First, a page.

08 Aug 2013, BioSpectrum Bureau , BioSpectrum
Singapore: A leading group of influenza scientists have proposed to conduct a highly controversial ‘gain-of-function' bird flu research that has already generated some harsh criticism.
Furthermore, a recently published study in the British Medical Journal (BMJ), revealed that the world's first human-to-human avaian influenza transmission mght have taken place. A Chinese father is suspected to have transmitted the novel avian influenza A (H7N9) virus to his daughter who had tended to him during the illness in early March 2013.
The proposed research would revolve around the latest deadly strain of avian infleunza (H7N9 bird flu) that sent ripples of fear in China earlier this year. This strain of influenza virus, H7N9 has so far infected 134 humans, out of which 43 lost their lives. In July this year, the World Health Organization (WHO) had said that there have been 633 known cases of H5N1 flu and 377 of the cases have died from the infection.
In a letter first published in leading science journals, the group has outlined the types of studies it believes should be conducted. Only a year back the H5N1 gain-of-function controversy caused a raging debate in the scientists' circle, some of who highlighted the grave dangers associated with such kind of research.
One of the authors, Dutch virologist Ron Fouchier has explained that the idea behind the letter is for researchers to be transparent about what they plan to do in the hope of fending off some of the concerns that emerged in the H5N1 controversy.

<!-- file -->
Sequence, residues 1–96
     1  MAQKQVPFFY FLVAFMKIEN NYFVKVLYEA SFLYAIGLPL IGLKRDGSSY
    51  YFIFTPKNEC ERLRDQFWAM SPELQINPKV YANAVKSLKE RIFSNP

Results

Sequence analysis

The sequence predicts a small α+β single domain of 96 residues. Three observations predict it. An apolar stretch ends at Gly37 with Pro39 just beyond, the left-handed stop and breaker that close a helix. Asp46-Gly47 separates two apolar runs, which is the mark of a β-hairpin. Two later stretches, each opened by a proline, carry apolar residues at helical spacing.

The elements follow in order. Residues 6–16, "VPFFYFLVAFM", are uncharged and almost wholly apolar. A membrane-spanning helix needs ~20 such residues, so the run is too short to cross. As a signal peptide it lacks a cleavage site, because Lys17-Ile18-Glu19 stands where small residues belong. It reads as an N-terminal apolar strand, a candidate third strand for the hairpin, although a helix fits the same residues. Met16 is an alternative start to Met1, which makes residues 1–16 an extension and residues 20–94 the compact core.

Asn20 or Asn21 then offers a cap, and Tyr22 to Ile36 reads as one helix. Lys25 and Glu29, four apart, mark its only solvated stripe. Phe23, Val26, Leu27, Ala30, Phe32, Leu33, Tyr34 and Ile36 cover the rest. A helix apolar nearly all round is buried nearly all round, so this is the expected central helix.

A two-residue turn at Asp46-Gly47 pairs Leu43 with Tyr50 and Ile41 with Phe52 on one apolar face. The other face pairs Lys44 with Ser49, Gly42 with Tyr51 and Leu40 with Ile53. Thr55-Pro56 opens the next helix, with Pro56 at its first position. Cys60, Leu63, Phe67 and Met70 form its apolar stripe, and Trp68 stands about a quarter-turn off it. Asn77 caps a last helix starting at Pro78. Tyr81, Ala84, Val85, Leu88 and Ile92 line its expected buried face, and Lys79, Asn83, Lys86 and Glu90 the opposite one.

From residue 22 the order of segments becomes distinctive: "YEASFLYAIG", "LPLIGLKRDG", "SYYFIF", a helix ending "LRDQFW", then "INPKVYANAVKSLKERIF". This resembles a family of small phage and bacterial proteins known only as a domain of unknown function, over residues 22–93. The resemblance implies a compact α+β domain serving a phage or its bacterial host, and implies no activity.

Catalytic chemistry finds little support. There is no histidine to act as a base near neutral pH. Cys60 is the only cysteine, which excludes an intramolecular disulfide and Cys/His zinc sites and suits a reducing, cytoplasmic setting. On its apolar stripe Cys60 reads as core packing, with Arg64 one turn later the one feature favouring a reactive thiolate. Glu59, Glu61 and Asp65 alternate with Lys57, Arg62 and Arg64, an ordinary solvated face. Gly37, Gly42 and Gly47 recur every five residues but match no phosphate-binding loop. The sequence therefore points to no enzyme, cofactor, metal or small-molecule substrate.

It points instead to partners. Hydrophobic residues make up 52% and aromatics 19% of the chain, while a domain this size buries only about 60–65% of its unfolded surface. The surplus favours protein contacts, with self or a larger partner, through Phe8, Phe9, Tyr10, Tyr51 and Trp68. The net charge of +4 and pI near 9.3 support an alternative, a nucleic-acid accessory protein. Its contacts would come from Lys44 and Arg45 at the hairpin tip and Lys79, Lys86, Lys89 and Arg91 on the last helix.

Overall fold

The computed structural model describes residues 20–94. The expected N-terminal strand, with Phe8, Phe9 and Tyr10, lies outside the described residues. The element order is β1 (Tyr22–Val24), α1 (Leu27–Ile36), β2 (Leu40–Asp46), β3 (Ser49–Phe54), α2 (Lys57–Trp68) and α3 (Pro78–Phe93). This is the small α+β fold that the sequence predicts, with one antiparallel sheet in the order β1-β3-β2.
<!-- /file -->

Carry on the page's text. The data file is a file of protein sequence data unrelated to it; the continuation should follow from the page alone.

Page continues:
A gain-of-function research involves adding mutations of a virus to see if it can gain features it doesn't currently have, such as the ability to resist flu drugs or spread easily from person to person. Such a research is aimed at identifying changes that would give a virus these capacities so that public health laboratories could be on the lookout for viruses with these changes that emerge in nature.
Many scientists from across the globe have argued that such kind of work is too dangerous and should not be undertaken. Critics have argued that at the time of the H5N1 gain-of-function controversy, that the exact mutations used to push the viruses to become more transmissible among mammals should not be published because they could serve as a blueprint for making bird-flu viruses that can spread, like seasonal flu viruses, from person to person.
The report said that the letter was signed by a group of influenza scientists who do research funded by the US government.